By Caitlin Kelly
That most Canadian of foods…
If — like me — you’ve left behind the country where you were born and raised, let alone if you’ve moved many times domestically and/or internationally — you can end up feeling rootless.
I have three young female friends, ages 26 to 33, whose lives look like a game of Where’s Waldo? moving between Guam and Virginia and Luxembourg and Baltimore and Brussels and more, each thanks to their father’s work.
I also belong to a far-flung tribe of fellow journalists, web mavens and photographers, who are — to name only a few of them — in Madrid, Colombia, Berlin, London, Mexico City, California and Kabul, either permanently or on assignment.
I was born in Vancouver, lived in London ages two to five, Toronto five to 30, (with stints in Paris, Montreal and Cuernavaca, Mexico in those years), then New Hampshire and then, finally, New York, a suburban town north of Manhattan.
Despite living for decades in the U.S., I’m still, in some ways, not very American, clinging to some of my Canadian roots in terms of my political values, (the collective over the individual, single-payer healthcare, stronger unions) and also in shared cultural references that only fellow Canadians — here or there — can appreciate.
What is it that roots us deeply into a place?
What is it that keeps us there, for years, or a lifetime?
Is it family?
A political climate that best suits us?
A place — for me, Paris, where a year-long fellowship launched my career in earnest — that forever, and for the better, changed your trajectory?
Here’s a powerful and heartbreaking story about elderly Venezuelans — some born there, some who’ve lived there for decades after immigrating — now having to start a new life somewhere else, and to leave behind a country they love, but one in utter chaos.
Children grow up and leave.
Our parents die — freeing us to move anywhere. To live anywhere. To root anywhere.
I’m headed back up to Canada for the third time in four months tomorrow, a 12-hour train ride. It’s a lot of travel in a short time, the first time, to Montreal, for work, but the second and third for pleasure, and to see friends.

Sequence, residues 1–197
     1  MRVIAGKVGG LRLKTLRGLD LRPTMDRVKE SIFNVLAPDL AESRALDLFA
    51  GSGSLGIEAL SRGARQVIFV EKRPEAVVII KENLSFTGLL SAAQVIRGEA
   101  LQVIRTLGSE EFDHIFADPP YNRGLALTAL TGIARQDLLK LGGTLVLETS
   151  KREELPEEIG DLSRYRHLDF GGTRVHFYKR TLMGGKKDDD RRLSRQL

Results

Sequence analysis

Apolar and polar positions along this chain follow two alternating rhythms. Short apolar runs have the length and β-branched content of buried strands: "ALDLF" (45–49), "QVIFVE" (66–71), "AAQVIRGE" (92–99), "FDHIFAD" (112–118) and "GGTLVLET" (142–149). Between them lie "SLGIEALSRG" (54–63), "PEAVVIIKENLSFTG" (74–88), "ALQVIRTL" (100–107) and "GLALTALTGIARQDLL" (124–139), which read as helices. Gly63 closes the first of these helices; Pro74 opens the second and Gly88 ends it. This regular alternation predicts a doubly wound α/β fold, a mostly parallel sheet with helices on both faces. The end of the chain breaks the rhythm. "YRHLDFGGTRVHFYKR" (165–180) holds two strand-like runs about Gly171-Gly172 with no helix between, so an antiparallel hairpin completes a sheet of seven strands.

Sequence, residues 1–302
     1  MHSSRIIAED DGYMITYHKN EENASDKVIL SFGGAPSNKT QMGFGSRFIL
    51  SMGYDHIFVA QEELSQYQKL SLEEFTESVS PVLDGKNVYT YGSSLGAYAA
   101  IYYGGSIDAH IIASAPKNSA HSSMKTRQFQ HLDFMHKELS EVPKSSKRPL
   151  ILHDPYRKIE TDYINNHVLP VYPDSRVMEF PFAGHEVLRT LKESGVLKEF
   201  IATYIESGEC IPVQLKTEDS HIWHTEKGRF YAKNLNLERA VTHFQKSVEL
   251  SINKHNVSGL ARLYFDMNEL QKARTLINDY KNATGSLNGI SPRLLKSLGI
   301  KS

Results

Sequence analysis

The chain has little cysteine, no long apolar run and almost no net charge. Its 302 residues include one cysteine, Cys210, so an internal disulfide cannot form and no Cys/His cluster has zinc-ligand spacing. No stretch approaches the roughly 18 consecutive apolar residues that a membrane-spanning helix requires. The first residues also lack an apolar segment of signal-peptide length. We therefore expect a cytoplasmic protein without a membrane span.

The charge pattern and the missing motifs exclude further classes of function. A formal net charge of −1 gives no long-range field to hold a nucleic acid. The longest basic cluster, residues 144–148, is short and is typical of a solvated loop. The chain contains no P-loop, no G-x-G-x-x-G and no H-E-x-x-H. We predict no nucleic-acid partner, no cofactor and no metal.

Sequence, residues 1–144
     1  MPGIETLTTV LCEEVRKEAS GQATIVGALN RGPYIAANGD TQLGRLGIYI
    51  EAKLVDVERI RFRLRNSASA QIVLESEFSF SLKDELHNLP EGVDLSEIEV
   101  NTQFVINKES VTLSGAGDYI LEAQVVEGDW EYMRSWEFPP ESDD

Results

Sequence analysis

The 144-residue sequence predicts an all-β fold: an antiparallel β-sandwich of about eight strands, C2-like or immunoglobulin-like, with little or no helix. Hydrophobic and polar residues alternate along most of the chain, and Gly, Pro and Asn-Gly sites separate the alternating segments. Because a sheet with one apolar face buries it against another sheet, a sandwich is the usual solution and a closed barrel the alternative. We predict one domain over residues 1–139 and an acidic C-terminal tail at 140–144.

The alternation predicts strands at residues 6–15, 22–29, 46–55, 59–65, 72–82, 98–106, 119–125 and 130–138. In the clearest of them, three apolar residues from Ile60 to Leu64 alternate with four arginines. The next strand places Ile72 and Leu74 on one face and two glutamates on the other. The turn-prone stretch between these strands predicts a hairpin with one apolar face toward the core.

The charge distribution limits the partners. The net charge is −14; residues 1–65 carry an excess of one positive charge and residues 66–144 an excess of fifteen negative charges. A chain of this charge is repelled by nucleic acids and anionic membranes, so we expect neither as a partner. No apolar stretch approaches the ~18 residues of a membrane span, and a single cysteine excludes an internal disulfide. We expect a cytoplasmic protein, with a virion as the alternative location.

I’ll be dog and house-sitting for a friend, someone I met when she worked in New York at the Canadian consulate and with whom I’ve stayed in touch.
I’ll mourn the deep cuts in my hometown newspaper and former employer, The Globe & Mail, and its weird new re-design.
I’ll savor some Canadian treats like butter tarts, (sort of like mincemeat, but better.)
I’ll ride the Red Rocket, aka the streetcar.
I’ll visit with friends I’ve known for decades, renewing deep ties and hearing their news.
Then I’ll get back on the train and head south again — for a brief few minutes suspended between my two countries on the bridge over the Niagara River, its spume just barely visible — and return to the United States.
It’s recently become a place I’m deeply ambivalent about, with rampant racism, sexism, homophobia, relentless gun violence, climate change denial and an administration determined to damage the lives of all but the wealthy.
My life is now neatly bisected, divided into two exact halves, between the nation of my birth and upbringing and the place I chose to move.
I wonder more and more these days about whether it’s time to uproot.